Protection.In addition to load sharing, a paralleled system needs to incorporate reverse power, voltage, and overcurrent protection. Similar to synchronization, load share modules and protective relays are third-party components incorporated into traditional paralleling gear. These components are incorporated into the generator controls with an onboard system, resulting in a simpler, more cost-effective and reliable structure.

Point of synchronization.Once generators are synchronized, a point of synchronization or connection to the emergency bus is necessary. With traditional gear, this is accomplished through the use of motorized breakers located within the gear. An integrated, onboard approach allows for greater flexibility utilizing either switches or motorized breakers that can be located on board the generator set, eliminating the need for additional equipment that takes up valuable floor space.


Employing an integrated approach over traditional gear offers several benefits. To begin with, in traditional gear there are several individual components made by separate manufacturers that need to be incorporated in the system. With individual load share modules, protective relays, programmable logic controllers (PLCs), governor controls, and voltage regulators, each component must be tied together with the system, resulting in hundreds of points of wiring, which create many more potential sources of failure. In addition to eliminating this complexity, an integrated approach allows for a single source of supply with everything coming from the generator supplier covered under one warranty. This helps to eliminate finger-pointing that can occur when sourcing items from multiple providers in an application that simply must work.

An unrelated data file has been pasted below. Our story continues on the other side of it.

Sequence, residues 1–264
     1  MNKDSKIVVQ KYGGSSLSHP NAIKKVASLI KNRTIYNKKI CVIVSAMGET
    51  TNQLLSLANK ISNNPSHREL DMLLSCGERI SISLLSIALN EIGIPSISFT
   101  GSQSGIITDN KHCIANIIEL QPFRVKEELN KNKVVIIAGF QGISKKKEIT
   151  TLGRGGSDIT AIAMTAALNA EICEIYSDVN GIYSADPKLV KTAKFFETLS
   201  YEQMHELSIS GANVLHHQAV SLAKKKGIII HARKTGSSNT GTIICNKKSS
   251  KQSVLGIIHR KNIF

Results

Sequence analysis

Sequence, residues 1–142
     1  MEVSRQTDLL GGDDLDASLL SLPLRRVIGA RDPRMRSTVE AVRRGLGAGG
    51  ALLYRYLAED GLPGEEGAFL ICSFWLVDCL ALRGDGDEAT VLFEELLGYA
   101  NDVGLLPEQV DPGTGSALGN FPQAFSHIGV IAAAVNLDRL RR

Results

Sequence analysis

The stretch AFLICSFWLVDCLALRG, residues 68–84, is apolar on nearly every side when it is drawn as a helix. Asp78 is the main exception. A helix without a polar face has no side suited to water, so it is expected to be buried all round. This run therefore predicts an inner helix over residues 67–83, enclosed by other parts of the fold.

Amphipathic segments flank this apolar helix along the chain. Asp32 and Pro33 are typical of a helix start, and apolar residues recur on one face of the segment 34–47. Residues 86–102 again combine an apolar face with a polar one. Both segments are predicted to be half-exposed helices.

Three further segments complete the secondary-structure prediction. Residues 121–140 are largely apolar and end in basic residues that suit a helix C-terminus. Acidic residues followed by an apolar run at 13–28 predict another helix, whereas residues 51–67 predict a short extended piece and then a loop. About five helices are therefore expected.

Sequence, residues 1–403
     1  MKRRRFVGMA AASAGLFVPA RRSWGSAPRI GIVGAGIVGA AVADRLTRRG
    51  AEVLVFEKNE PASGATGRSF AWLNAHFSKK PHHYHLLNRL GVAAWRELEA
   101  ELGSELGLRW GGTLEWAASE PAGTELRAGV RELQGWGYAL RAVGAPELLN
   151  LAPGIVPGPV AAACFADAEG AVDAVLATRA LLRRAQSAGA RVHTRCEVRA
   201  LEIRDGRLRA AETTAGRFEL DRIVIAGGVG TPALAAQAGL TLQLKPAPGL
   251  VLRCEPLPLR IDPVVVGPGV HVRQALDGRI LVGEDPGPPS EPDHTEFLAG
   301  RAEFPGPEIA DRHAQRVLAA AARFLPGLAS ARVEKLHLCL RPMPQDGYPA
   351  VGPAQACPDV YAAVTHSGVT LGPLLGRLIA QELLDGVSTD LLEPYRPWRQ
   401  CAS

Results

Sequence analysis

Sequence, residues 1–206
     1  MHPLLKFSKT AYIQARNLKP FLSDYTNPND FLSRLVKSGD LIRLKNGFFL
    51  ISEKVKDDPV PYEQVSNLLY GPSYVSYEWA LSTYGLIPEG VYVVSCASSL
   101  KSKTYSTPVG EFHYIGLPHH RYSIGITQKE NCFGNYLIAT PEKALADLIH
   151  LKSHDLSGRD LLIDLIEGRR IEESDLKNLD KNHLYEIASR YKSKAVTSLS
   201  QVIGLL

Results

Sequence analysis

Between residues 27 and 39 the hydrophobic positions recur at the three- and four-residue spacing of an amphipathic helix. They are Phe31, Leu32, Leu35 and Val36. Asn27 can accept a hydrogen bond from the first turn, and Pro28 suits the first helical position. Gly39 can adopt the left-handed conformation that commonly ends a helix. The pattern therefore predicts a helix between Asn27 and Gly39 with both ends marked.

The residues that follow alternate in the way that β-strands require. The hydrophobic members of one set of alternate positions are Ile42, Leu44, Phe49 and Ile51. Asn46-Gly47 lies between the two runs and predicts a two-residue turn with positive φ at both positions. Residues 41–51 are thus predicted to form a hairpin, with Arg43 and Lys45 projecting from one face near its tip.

An integrated system will also carry a shorter lead time. The lead time for a digitally paralleled generator system is no longer than that of a standard generator set, whereas paralleling switchgear manufacturing lead times are typically much longer. In addition, an integrated system can be tested as a fully functioning system by the manufacturer. A system that utilizes traditional gear will only be tested together as a full system once all of the components arrive on the job site.

Another benefit of an integrated approach is the space requirement. Traditional gear will consist of a control cubicle and a cubicle for each generator in addition to distribution. These cubicles are typically 6-ft tall, +36 in. wide, and +48 in. deep. With an integrated approach, all that is needed is emergency distribution, freeing up valuable real estate.